Martha Burris carries a sense of history with every step she takes on Purdue's campus. Time, location and circumstance prevented all four of her grandparents from going to school beyond the sixth grade. "Their stories and trials shaped who I am," she says. "I look at their struggles and then realize I have the opportunity to get the education denied to them. That's what drives me."
As she prepares to make her own way in the world, Martie, the senior with dual majors in selling and sales management and organizational leadership and supervision, wants to make sure that everyone on campus has equal opportunities. She's the director of diversity and inclusion for Purdue Student Government (PSG), responding to anything that affects the social climate of diverse students on campus. And she's raising her voice to ensure that others are heard.
- First generation
Like many of their generation, Martie's grandparents were part of a black migration from the south that sought better lives in northern states. Though they found work in the steel mills of Wisconsin, equality was not easily achieved. Her parents also worked hard, but did not attend college. As the third oldest of seven children, Martie is one of four in college with college-bound siblings behind her. Several of her cousins are also attending college.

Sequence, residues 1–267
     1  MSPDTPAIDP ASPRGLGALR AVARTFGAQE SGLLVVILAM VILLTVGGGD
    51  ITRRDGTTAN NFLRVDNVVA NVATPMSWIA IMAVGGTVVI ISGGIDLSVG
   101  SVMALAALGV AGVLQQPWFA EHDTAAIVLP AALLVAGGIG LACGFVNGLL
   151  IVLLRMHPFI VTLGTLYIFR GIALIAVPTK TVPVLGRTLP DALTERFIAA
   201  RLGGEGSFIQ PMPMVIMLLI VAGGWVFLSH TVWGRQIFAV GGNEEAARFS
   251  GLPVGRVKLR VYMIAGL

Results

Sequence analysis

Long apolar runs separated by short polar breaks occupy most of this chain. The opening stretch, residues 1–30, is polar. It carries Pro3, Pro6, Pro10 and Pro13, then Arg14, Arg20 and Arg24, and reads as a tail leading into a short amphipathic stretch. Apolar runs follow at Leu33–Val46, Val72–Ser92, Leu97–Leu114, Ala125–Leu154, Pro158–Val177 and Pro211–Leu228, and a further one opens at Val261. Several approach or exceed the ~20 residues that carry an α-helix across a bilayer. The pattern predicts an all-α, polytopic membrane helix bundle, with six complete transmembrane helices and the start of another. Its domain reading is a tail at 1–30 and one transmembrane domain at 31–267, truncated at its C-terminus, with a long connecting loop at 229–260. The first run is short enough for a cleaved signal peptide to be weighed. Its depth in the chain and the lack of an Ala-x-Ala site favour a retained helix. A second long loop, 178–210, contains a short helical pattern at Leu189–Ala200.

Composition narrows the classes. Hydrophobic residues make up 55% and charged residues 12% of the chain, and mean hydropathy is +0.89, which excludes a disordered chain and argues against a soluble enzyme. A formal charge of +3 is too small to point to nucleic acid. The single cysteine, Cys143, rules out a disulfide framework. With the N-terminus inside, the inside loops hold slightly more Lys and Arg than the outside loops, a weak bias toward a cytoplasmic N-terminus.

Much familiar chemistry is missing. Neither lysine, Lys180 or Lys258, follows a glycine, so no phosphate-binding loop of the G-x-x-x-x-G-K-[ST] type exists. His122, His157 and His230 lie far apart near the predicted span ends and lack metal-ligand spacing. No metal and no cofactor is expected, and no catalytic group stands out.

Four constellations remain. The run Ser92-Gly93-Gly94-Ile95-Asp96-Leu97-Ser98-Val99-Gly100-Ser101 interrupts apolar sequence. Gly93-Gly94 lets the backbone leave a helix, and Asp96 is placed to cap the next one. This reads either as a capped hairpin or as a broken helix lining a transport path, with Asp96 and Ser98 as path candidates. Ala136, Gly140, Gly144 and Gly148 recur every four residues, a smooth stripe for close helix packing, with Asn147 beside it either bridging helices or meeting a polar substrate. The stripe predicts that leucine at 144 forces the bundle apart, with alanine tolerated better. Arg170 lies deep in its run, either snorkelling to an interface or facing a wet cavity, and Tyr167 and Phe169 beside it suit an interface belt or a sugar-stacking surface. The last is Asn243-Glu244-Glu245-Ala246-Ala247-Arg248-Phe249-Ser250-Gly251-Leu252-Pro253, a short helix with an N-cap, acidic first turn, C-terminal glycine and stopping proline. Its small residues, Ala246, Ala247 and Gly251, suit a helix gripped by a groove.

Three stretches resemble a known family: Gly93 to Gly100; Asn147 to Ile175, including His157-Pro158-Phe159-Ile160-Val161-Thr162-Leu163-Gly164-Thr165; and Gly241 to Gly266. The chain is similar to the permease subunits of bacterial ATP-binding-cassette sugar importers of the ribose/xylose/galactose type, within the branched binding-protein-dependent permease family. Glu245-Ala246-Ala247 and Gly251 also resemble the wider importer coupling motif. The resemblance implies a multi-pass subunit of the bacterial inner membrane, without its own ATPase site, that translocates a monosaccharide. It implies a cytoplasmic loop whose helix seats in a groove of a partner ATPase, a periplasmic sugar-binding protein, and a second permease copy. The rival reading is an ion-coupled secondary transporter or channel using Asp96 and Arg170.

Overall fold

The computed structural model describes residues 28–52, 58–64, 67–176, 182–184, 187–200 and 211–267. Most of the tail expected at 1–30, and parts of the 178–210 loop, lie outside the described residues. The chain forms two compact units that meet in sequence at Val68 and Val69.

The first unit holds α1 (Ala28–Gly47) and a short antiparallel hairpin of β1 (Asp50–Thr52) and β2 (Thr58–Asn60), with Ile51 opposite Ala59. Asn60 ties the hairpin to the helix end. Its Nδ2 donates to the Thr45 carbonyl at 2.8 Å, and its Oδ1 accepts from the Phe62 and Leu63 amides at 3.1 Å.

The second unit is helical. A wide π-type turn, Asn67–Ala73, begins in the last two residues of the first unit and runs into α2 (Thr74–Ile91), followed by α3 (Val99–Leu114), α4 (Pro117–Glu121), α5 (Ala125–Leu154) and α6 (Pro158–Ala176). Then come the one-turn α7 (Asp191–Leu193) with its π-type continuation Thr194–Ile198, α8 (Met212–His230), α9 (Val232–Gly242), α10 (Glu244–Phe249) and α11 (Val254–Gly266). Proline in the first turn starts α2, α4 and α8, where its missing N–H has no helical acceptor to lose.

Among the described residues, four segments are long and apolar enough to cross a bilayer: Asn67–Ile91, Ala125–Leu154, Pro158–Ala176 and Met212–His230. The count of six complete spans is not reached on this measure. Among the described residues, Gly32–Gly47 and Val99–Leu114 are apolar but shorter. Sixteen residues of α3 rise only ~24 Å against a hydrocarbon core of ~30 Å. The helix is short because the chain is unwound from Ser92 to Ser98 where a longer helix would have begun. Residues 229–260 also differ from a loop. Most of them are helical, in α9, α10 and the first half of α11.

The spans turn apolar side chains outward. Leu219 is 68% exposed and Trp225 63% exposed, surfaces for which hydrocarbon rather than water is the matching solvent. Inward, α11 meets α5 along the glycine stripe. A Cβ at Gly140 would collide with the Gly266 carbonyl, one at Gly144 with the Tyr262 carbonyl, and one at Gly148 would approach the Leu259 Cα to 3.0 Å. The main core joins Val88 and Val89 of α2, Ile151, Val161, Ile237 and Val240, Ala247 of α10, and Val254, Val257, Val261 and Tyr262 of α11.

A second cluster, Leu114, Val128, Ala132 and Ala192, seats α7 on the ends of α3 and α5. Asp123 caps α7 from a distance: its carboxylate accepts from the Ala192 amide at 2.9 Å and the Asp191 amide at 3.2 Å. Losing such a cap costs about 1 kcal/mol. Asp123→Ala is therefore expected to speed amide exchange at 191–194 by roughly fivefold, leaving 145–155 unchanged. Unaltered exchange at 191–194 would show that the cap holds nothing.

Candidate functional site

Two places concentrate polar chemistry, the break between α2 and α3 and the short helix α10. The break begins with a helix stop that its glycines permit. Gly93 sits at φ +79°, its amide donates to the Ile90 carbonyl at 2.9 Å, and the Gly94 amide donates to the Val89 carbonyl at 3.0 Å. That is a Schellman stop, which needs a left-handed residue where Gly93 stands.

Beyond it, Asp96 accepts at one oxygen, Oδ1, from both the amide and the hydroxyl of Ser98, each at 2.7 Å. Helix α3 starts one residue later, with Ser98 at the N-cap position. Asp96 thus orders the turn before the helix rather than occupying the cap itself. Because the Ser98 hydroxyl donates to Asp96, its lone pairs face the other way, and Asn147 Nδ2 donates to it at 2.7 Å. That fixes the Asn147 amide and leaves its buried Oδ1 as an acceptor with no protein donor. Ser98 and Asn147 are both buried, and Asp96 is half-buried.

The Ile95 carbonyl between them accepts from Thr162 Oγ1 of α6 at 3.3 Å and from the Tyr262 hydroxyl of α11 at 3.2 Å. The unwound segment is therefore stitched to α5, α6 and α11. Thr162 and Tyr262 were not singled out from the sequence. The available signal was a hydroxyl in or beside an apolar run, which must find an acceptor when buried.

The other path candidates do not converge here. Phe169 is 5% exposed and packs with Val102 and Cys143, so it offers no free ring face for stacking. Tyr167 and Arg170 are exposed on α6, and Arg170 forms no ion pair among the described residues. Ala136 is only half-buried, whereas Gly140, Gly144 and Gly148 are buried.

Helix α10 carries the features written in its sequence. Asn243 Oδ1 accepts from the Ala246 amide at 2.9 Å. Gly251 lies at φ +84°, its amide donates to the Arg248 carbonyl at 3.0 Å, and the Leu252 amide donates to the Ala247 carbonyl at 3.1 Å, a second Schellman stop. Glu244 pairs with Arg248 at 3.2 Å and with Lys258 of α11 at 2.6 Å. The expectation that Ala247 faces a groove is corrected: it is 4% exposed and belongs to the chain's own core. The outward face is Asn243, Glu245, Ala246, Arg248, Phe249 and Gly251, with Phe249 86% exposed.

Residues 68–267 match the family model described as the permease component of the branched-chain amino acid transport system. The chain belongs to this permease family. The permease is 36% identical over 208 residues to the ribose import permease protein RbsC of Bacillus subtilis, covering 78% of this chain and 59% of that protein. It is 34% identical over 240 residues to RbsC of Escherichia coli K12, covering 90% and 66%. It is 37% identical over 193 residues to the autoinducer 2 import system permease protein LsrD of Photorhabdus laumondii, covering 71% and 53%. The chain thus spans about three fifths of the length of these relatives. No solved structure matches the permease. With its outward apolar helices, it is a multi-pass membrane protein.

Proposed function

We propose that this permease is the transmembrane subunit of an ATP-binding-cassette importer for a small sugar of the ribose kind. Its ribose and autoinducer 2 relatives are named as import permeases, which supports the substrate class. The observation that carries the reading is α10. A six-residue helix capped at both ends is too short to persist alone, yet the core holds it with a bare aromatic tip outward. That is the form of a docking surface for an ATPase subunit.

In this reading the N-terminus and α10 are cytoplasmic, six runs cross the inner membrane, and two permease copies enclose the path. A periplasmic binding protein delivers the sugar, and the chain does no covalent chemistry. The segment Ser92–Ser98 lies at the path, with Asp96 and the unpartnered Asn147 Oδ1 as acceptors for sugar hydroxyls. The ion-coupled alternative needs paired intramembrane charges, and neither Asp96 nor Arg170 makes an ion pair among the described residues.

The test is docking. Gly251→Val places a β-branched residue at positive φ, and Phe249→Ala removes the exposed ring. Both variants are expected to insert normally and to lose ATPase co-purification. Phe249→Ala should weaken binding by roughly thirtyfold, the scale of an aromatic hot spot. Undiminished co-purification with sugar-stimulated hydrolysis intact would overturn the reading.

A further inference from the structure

- Inclusion over exclusivity
Martie's role with the PSG forces her to tackle serious campus issues head-on. She's voiced her opinion in The Exponent and worked with groups on diversity initiatives. But it's not without its fun. In fact, she incorporates this extracurricular work into her social life. She's currently developing a University-wide Global Inclusion Week that will celebrate all cultures through food, music and more.
As for the "equality maker" moniker, Martie accepts the role graciously. "An equality maker is someone who admires diversity and is passionate about helping people," she says. "He or she views diversity not as a black and white issue but as an inclusive concept, which includes anyone who doesn't fit the norm."
- Cubicle-free career
On the professional front, Martie hopes to find a job in account management that will allow her to travel extensively. With her personality and knack for building bridges between people, Martie admits she's not cut out for too much office space.
Summer internships and campus jobs have prepared her for a career and she believes her dual degrees complement each other. "No matter how the world changes, it will always require leaders and people with vision," Martie says. "The sales management degree gives me the technical expertise to be a great leader."
- It's simple: change the world
Though she's not sure exactly how, Martie wants to make the world a better place. "I would like to do something so significant that Purdue students years from now will know that I was here. Maybe get my picture on the wall at Harry's Chocolate Shop someday," she says with a laugh.
Whether she makes Harry's wall of fame or not, Martie is sure to keep inspiring her colleagues while paying respect to everyone who helped pave the way for her.